INTERNATIONAL.“Double-Dip concerns everywhere,” is the title of Credit Suisse’s research daily as of August 25. News spreading during the summer has been in fact less than encouraging.
U. S. Home sales plummeted 27% in July to an annual rate of 3.83 million units, the lowest sales pace since the National Association of Realtors began tracking the figure in 1999. Volatile stock markets along with fickle oil prices are the result, and, in addition, the Dollar fell to 15-year low against the Yen.
Nevertheless, a number of stock markets in East Asia achieved positive rate of returns. The Dow Jones Islamic Market Index (DJIM) Malaysia surged 2.34%, closing at 1,494.29 (as of the close of trading of August 24).
The East-Asian “tiger” state is also on a year-to-date performance track to be a top index (up 12.77%). The second and third leading composites were the DJIM Thailand Index (gaining 1.68% at 1,620.90) and the DJIM Taiwan Index (up 1.62% at 4,243.04).
“East Asia is picking up much more rapidly than other regions”, says Didier Duret, Chief Investment Officer for ABN Amro Private Banking in Geneva, who overlooks a growing base of wealthy clients in the region. The mostly Muslim nation of Malaysia learned from the Asian crisis in 1997/1998 and diversified its economy, seeking at the same time new trade partners in the Middle East.
According to the Islamic bank, Kuwait Finance House (KFH), Malaysia also accounts for 60.5% of global Islamic bonds - or Sukuk - issuances during the first half of 2010. This number reached US$16.4 billion, a growth of 116.4% compared to the first half of 2009.
The DJ Citigroup Sukuk Index added one percent in August, finishing at 123.28. Sukuk issuances do not pay in interest because they are forbidden - or haram - under Islamic law (Shari'ah). Instead, they pay a profit share. This number could reach US$30 billion this year, the KFH report says.
Conventional bonds in the West are currently facing massive capital inflows but they offer little return. According to Swiss bank Zürcher Kantonalbank (ZKB)," the bond markets already point to a double-dip of the global economy while fickle stock markets reflect hopes that the world “might get through by all means."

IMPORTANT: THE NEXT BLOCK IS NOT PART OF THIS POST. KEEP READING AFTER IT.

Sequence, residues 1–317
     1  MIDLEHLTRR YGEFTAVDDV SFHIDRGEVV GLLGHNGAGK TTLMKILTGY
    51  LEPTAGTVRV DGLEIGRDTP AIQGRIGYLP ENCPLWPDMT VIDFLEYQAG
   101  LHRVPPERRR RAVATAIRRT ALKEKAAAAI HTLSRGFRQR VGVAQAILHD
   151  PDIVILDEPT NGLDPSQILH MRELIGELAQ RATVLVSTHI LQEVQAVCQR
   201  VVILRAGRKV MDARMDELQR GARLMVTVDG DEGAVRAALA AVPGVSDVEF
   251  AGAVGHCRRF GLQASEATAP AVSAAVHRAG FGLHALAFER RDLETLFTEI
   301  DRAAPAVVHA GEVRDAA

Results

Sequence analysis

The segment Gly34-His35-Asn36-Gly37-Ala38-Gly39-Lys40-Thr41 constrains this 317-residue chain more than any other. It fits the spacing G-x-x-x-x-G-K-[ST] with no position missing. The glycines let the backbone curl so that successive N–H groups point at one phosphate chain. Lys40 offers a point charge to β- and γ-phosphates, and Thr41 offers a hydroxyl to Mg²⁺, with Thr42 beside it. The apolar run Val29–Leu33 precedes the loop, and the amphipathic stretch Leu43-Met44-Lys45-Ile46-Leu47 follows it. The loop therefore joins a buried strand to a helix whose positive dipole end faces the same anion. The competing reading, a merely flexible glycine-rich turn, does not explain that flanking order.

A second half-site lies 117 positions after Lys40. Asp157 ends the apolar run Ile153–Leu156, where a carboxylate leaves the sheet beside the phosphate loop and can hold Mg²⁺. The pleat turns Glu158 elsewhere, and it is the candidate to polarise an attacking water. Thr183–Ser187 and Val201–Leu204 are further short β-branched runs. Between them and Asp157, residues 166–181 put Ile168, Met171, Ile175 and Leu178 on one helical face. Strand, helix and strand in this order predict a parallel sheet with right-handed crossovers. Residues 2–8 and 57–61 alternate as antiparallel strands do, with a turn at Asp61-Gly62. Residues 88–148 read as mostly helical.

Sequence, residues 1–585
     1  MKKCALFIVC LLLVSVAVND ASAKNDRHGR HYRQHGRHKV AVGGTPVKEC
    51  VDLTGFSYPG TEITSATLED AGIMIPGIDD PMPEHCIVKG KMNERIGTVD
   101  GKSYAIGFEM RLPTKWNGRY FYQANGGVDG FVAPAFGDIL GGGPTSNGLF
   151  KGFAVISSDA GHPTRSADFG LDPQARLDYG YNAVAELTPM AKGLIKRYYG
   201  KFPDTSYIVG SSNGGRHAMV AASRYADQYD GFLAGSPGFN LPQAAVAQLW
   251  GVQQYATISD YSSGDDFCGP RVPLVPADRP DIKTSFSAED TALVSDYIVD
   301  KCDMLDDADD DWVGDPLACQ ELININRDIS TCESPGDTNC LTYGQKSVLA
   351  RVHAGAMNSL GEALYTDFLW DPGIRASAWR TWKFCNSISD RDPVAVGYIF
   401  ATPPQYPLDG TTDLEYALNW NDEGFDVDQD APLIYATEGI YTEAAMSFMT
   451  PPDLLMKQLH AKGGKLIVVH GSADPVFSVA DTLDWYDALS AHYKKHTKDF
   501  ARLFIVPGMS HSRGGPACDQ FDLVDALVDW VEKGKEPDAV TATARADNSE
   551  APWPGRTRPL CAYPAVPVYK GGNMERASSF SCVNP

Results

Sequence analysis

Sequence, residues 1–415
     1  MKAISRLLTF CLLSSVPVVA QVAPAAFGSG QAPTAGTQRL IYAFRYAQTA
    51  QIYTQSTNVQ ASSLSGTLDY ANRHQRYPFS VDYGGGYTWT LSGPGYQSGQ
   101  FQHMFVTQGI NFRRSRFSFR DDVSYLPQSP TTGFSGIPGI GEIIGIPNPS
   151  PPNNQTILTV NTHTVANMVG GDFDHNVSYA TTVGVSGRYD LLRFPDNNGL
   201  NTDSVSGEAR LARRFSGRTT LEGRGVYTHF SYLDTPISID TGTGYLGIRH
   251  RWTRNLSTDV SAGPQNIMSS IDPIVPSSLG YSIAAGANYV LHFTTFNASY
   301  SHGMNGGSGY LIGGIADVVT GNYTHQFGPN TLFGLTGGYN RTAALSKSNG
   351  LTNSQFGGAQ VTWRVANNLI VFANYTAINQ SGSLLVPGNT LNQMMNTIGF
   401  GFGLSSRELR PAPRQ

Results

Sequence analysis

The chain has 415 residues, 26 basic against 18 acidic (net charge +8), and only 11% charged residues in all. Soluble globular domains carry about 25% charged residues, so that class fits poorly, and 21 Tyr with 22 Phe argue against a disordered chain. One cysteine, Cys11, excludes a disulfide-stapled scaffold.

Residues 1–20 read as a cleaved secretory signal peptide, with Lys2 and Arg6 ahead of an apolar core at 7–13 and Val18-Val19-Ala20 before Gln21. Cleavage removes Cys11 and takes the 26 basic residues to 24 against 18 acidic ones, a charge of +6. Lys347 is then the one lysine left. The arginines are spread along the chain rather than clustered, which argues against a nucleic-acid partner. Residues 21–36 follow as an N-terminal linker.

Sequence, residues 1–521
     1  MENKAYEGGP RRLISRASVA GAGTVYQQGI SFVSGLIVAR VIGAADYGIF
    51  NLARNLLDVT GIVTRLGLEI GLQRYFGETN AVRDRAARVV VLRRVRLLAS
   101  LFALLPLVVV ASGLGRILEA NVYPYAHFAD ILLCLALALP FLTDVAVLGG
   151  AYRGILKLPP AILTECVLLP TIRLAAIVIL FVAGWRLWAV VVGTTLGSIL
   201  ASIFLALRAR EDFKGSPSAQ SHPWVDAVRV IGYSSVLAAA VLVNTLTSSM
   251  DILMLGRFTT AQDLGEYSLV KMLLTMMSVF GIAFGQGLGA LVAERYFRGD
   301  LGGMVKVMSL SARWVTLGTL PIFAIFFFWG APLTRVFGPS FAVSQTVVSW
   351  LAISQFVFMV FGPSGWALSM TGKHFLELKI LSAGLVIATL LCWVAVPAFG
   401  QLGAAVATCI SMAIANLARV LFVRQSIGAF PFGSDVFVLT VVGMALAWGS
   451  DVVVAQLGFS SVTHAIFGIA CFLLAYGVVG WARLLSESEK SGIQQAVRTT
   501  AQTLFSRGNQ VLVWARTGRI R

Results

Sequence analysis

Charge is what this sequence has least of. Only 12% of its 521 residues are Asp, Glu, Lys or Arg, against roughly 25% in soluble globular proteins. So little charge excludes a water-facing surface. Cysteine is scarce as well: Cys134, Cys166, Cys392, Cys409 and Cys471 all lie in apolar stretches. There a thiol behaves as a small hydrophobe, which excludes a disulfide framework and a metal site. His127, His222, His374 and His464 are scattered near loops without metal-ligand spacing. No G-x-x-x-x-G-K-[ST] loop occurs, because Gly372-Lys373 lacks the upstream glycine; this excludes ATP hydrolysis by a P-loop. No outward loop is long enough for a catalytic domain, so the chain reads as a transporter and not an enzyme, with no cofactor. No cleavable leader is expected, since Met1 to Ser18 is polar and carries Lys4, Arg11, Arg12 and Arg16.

But the home sales figures weighed on the equity sentiment, as the US bellwether index, Dow Jones Industrial Average (down 4.07% at 10,428.05) shows. The DJIM U. S. Titans 50 Index declined by 3.88% to 1,917.57, the second largest fall.
Natural and man-made disasters such as the Iceland volcano ash cloud in April this year and the oil-spill in the Gulf of Mexico dragged the global recovery down. The massive flooding in parts of China and Pakistan was the latest bad news. Consequently, the DJIM Pakistan Index posted the largest decline last month, ending 4.89% lower at 11,414.31.
All DJIM industry sector indexes landed in the red. Despite a temporary oil price spike, the DJIM Oil and Gas Index was one of the worst performing composites, down 4.62% monthly and down13.92% year-to-date. The DJIM Basic Materials index (off 1.17%) might indicate the generally dreaded cooling of the Chinese economy.
“Fears of a double-dip recession can trigger significant price swings in precious metals as we have seen over the past few days,” the Credit Suisse research report says. However, the study adds, “We think that the low interest rate environment which is likely to persist amid these economic concerns will ultimately push precious metals prices higher.”
Hopes and fears are going hand and hand in global markets. As autumn approaches, which is regarded as a tricky period, major upturns at equity market might not happen too soon and fears of a crash will dominate.
Note. Gérard Al-Fil is a financial journalist in Dubai. He works as a Middle Eastern correspondent for the Swiss financial website moneycab.com, for Dubai-based portal AME Info, for the Swiss banking magazine 'Schweizer Bank' and for the German weekly 'Euro am Sonntag'. He reported from the UAE, Kuwait, Bahrain, Qatar, Oman, Turkey, Iran and China. Gérard holds a diploma in business administration from University of Duesseldorf and a post-graduate diploma from the Institute of Islamic Banking and Insurance (IIBI) in London.